The point is, so English came to be, for with every new adventure, discovery, importation, gadget, horizon, or idea, in would come a new word or two, often a flock of them. This did not have to happen, to be sure. We might have refused the discovery, shut our eyes to the new horizon, our mind to the idea, and declined all that looked like adventure. But as it chanced, we didn't want to. We chose adventure and the new frontier, and English therefore took the path of growth and power and enchantment, and kept on inviting foreign words in, and is doing it still as the dictionaries attest — with each new edition we find the family enlarged — and never in all the history of English has anyone ever thought it queer.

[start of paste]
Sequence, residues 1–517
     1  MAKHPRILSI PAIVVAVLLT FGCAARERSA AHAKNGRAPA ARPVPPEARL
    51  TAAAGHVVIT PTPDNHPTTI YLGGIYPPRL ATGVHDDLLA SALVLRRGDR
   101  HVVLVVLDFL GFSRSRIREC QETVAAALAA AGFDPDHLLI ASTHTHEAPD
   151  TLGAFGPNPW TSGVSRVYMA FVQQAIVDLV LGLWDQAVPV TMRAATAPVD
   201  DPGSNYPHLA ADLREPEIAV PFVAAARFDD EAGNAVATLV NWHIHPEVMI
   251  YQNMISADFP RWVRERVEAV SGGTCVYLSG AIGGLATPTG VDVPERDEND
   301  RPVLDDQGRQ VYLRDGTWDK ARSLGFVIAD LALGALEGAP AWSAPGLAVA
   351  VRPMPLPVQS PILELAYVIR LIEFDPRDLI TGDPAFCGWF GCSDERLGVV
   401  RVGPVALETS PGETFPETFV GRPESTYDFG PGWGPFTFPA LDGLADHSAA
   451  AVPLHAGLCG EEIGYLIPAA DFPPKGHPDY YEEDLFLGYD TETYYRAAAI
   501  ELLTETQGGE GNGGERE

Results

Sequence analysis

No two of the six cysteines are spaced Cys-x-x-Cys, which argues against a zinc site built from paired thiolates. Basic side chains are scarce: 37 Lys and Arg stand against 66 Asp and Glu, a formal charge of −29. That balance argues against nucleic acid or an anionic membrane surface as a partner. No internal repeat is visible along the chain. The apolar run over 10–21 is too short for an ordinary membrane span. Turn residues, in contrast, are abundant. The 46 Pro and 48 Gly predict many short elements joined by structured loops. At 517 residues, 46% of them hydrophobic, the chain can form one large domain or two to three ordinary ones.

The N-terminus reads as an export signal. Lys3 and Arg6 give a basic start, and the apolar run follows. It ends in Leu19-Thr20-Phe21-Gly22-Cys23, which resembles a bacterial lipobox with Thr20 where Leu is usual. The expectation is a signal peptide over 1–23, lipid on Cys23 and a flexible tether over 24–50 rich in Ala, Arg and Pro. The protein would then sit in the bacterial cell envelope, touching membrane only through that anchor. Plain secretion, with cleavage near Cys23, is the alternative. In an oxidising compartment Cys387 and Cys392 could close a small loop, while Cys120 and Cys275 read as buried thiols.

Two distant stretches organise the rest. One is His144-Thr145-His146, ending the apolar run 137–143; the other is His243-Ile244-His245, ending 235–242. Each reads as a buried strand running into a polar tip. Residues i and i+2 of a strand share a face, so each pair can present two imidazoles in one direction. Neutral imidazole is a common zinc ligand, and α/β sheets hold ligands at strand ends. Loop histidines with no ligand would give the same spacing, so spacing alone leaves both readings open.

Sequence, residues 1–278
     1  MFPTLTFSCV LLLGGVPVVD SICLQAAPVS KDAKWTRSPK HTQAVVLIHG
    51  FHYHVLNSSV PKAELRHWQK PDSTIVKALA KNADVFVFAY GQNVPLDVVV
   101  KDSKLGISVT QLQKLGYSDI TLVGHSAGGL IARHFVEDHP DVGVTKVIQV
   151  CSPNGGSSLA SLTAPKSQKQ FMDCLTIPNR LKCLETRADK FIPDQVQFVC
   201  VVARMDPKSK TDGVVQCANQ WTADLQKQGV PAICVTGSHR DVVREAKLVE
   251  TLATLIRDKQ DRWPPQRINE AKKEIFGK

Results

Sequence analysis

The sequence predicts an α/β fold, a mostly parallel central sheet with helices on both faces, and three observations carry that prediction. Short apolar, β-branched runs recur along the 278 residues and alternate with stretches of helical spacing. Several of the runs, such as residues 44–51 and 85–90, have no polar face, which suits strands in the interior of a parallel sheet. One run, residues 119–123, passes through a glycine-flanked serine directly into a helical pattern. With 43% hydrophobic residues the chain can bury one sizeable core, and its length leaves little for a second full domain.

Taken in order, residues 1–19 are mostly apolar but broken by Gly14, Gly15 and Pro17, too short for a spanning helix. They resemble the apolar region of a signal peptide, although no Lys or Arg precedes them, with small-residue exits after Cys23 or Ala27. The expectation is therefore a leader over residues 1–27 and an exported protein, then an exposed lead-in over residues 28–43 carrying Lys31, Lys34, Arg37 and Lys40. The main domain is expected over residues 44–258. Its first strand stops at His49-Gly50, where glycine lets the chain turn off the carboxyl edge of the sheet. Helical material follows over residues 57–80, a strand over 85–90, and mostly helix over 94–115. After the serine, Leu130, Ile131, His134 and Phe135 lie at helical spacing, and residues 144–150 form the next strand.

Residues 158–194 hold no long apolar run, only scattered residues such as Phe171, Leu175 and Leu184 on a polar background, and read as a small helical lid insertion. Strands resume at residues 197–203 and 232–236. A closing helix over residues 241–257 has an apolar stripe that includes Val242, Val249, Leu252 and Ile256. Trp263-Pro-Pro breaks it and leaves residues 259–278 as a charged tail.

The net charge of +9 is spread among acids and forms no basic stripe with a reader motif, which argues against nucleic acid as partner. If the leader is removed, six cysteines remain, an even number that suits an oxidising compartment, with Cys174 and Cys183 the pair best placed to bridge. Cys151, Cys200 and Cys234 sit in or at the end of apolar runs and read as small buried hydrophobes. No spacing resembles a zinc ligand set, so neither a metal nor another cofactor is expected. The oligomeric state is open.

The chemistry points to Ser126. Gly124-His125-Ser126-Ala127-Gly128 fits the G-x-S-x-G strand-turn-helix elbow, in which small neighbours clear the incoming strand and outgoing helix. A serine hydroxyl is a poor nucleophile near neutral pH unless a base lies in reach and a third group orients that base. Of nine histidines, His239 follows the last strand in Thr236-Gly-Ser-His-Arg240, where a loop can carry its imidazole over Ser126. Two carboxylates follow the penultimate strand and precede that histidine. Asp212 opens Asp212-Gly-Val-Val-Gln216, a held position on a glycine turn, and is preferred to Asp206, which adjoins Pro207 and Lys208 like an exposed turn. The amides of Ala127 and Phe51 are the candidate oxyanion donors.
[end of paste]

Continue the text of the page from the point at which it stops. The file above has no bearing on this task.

Here are a few words, for instance, imported through the centuries from Holland — sturdy Dutch words, every one: botch, brake, spool, ruffle, tuck, cough, muddle, nag, luck, trick, sloop, mop, and so forth for the better part of a page, not to mention easel and landscape, and (quickly seized upon by writers) Boer-African trek and veldt. Alien and exotic once, they are English now because adopted, and have all the rights, hereditaments, and smoky flavor of "a good old Anglo-Saxon word." We would not, because we positively could not, dispense with a single one, and incidentally, did it cost us hours of painful application to learn them? Is the use of them confined to the scholar, the bookworm, or those who have "time to study?" Such an argument doesn't stand up.